An underwater tunnel across the Bosporus Strait will be completed next year and serve up to 90,000 vehicles a day.
The next phase of construction on a new tunnel between the Asian and European sides of Istanbul is expected to begin soon as the Turkish Minister of Transportation Lütfi Elvan announced that the drilling machine which will dig the new subterranean passage beneath the Bosporus has been installed. The Euroasia Tunnel is being constructed exclusively for use by road vehicles. The tunnel is expected to serve up to 90,000 vehicles a day and consist of two layers, one going in each direction. “With the transportation time decreasing, air pollution and fuel consumption will be reduced in the historical peninsula, which is one of the touristic hot spots in Istanbul with numerous historic buildings, palaces, museums and splendid landscapes,” Elvan said.
The minister said that the excavation phase of the project which will cost more than $2 billion (TL 4.22 billion) in total. The project has already started and the eastwards excavation is 70 percent complete. “The tunnel drilling machine to be used in the project is specially designed for the ground and pressure conditions of the Bosporus and produced in Germany. The minister further explained that they will enlarge the coastal road between Cankurtaran and Kazlıçeşme to eight lanes within the framework of the project. He noted that the work on the coastal road will start in summer. Elvan highlighted that the coastal road will not be closed off during the work. “We will build two lanes in parallel with the road. Thus, by transferring the traffic, we will raise the standards of the road between Cankurtaran and Kazlıçeşme without obstructing the road at all. The tunnel will enable the vehicles between Bostancı and Kadıköy to transit to Sirkeci-Yenikapı-Zeytinburnu. The project with a length of 14.6 kilometers will start from the Florya-Sirkeci coastal road and finish around the Göztepe junction on the Ankara state highway,” the minister explained.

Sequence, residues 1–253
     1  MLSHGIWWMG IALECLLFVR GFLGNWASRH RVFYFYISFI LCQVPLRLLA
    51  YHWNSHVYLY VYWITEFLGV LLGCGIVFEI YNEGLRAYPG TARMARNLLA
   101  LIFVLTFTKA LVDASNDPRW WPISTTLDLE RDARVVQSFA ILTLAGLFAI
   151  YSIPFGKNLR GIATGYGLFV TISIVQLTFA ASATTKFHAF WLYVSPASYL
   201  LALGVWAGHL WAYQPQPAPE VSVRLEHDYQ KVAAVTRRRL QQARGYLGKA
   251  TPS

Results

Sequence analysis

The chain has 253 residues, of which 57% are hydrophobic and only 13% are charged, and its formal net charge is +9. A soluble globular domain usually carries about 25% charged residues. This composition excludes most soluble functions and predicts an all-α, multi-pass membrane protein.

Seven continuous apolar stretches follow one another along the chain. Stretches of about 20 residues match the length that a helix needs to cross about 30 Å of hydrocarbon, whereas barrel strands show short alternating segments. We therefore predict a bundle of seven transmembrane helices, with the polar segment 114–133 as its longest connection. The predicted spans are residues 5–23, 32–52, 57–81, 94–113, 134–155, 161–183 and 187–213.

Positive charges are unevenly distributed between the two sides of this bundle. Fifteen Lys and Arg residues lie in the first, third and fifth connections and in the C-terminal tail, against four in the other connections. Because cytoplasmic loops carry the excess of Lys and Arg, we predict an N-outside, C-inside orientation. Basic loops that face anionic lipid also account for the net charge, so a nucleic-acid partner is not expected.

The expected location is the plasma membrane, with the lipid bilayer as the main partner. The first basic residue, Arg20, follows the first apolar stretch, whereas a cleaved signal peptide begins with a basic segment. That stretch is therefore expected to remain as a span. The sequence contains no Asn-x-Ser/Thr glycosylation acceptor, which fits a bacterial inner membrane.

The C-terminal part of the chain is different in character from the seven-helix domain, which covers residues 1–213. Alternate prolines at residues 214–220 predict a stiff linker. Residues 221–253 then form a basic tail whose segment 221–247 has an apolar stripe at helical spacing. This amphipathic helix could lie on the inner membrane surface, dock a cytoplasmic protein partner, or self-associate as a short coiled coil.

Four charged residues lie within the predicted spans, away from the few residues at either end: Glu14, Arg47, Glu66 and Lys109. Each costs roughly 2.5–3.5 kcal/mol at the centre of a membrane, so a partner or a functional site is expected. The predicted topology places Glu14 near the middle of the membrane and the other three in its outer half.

Lütfi Elvan expressed also that eight underpasses and 10 pedestrian overpasses will be built in addition to restoration of four current junctions within the framework of the project. “Junctions and access roads will be delivered to the Istanbul Metropolitan Municipality free of charge but travelling through the tunnel will require a fee. The planned charge will be around TL 10. With regard to the fact that this tunnel will be the sixth largest in the world, even fuel efficiency is much higher than the fee. The tunnel is expected to considerably alleviate bridge traffic and remarkably reduce exhaust emissions,” Elvan concluded.
Opened on Oct. 29, 2013, the Marmaray, a sister project to the Euroasia tunnel, is a subway line in Istanbul that passes through the Bosporus, between the Asian district of Üsküdar and the European district of Zeytinburnu. It is also one of the largest transportation investments made yet by the Turkish government, which has called it the “project of the century.” Carrying more than 110,000 passengers per day, the Marmaray has contributed to the traffic flow relief in Istanbul.
Among the improvements is a third bridge on the Bosporus in addition to the thousands of kilometers of high-speed train lines, subway lines, thousands of kilometers of highways and a third airport project to Istanbul, which will be the largest airport in Europe once it is completed. Even Turkish Prime Minister Recep Tayyip Erdoğan has emphasized the importance of transportation infrastructure through his popular catch phrase “all roads lead civilization in Turkey.”
Source Daily Sabah